- Kuwait’s oil exports to Japan fell by 8% yoy in Feb to 7.5mn barrels or 259k barrels per day.
- Lebanon’s central bank announced the launch of a foreign exchange unit to centralise the parallel exchange rate. The pound has traded around 2,800 pounds to the dollar in the parallel market, nearly 50% weaker than the official peg of 1,507.5 (in place since 1997).
- Lebanon will allow deposits of USD 3k or less to be withdrawn in Lebanese pounds at the “market” rate, as per a central bank circular. Though the market rate was not defined initially, another statement detailed that the scheme would run for three months and that the rate would be set daily via an electronic platform including local lenders, the central bank and exchange bureaus.
- PMI in Lebanon slipped to 35.0 in Mar from a reading of 45.5 in Feb, recording the sharpest deterioration in business conditions; new orders and output sub-indices fell to historic lows.
- The World Bank approved a USD 40mn loan to Lebanon to support its fight against the spread of Covid19. The loan will support 3 main areas of “surveillance and case detection, case management and protection of health workers, multisectoral response to support multisectoral activities”.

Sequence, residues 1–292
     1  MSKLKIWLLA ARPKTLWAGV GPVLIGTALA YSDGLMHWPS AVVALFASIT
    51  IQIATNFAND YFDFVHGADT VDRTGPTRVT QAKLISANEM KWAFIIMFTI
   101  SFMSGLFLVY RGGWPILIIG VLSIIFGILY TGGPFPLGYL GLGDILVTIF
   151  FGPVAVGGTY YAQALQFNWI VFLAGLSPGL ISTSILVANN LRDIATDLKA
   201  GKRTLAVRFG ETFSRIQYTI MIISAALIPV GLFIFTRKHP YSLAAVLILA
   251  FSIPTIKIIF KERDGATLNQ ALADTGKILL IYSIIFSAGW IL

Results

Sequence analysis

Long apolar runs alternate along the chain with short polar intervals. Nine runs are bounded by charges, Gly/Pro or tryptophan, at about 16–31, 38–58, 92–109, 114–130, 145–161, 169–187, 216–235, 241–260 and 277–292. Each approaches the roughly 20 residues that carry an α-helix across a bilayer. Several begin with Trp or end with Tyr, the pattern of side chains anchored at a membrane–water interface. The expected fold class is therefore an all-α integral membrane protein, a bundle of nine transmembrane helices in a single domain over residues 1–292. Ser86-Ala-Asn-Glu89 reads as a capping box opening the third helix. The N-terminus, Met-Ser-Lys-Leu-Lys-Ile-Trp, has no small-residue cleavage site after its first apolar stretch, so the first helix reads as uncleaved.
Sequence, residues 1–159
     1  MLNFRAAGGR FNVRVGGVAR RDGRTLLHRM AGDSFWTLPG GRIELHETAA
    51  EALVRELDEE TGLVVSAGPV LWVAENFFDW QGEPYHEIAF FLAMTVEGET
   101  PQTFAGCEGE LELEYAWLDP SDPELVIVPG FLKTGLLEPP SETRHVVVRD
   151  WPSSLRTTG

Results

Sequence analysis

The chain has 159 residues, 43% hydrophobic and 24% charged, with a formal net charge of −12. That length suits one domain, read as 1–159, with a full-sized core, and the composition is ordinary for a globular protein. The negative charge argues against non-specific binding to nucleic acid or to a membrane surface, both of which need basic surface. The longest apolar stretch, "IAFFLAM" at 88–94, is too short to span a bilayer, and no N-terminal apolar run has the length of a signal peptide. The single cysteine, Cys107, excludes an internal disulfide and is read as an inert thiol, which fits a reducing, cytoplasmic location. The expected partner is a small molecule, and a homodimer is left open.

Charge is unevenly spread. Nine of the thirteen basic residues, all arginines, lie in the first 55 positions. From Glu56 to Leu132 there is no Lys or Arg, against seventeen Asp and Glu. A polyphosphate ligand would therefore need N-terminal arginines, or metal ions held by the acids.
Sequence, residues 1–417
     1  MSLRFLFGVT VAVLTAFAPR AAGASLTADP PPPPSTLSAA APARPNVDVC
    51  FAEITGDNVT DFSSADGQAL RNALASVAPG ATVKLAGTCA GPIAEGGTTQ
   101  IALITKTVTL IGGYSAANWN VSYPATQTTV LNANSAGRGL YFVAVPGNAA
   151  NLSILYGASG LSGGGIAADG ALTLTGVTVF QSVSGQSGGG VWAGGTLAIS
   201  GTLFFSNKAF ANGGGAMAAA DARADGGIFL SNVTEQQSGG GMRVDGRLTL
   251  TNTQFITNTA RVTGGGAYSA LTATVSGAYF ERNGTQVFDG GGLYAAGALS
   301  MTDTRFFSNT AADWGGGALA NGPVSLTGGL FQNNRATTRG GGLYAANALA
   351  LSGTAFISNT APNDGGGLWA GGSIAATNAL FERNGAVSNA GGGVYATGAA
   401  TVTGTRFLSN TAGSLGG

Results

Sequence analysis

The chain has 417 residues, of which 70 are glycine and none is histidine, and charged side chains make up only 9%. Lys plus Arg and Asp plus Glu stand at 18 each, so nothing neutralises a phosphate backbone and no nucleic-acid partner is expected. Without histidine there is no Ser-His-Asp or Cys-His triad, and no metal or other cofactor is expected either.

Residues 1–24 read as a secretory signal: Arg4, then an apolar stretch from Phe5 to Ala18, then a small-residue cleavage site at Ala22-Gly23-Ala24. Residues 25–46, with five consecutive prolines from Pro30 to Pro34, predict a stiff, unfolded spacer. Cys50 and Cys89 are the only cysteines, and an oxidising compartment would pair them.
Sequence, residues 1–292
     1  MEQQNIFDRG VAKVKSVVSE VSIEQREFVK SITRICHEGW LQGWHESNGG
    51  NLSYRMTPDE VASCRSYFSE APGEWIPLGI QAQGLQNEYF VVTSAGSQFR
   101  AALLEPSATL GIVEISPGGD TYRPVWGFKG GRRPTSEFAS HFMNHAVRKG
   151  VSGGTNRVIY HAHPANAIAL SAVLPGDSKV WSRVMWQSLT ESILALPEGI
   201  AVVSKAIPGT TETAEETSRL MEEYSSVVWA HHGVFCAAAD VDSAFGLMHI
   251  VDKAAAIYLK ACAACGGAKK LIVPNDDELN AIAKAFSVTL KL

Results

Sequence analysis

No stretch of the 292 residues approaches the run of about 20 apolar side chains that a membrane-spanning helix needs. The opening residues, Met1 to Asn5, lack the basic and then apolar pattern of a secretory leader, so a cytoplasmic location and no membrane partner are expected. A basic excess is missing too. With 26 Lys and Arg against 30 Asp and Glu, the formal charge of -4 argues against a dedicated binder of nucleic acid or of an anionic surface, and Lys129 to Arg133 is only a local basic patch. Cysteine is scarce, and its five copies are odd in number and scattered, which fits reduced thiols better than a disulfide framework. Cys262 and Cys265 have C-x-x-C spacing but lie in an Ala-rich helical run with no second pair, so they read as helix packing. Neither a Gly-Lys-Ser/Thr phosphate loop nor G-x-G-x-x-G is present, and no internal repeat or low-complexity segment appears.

- Oman’s ruler issued a decree to set up a new tax administration system.
- Moody’s placed the Ba2 issuer rating of the government of Oman under review for a downgrade, citing “increased external vulnerability and government liquidity risks”.
- Bloomberg reported that Qatar had hired banks to raise more than USD 5bn in bonds to support its finances (given the double whammy of lower oil prices and the spread of Covid19) as early as this week.
- Qatar government has instructed private sector companies to have 80% of their staff work from home, effective Thurs (Apr 2) for an initial 2 weeks. The working day will be reduced to six hours, from 7:00 a.m. to 1:00 p.m., excluding grocery stores, pharmacies and restaurants.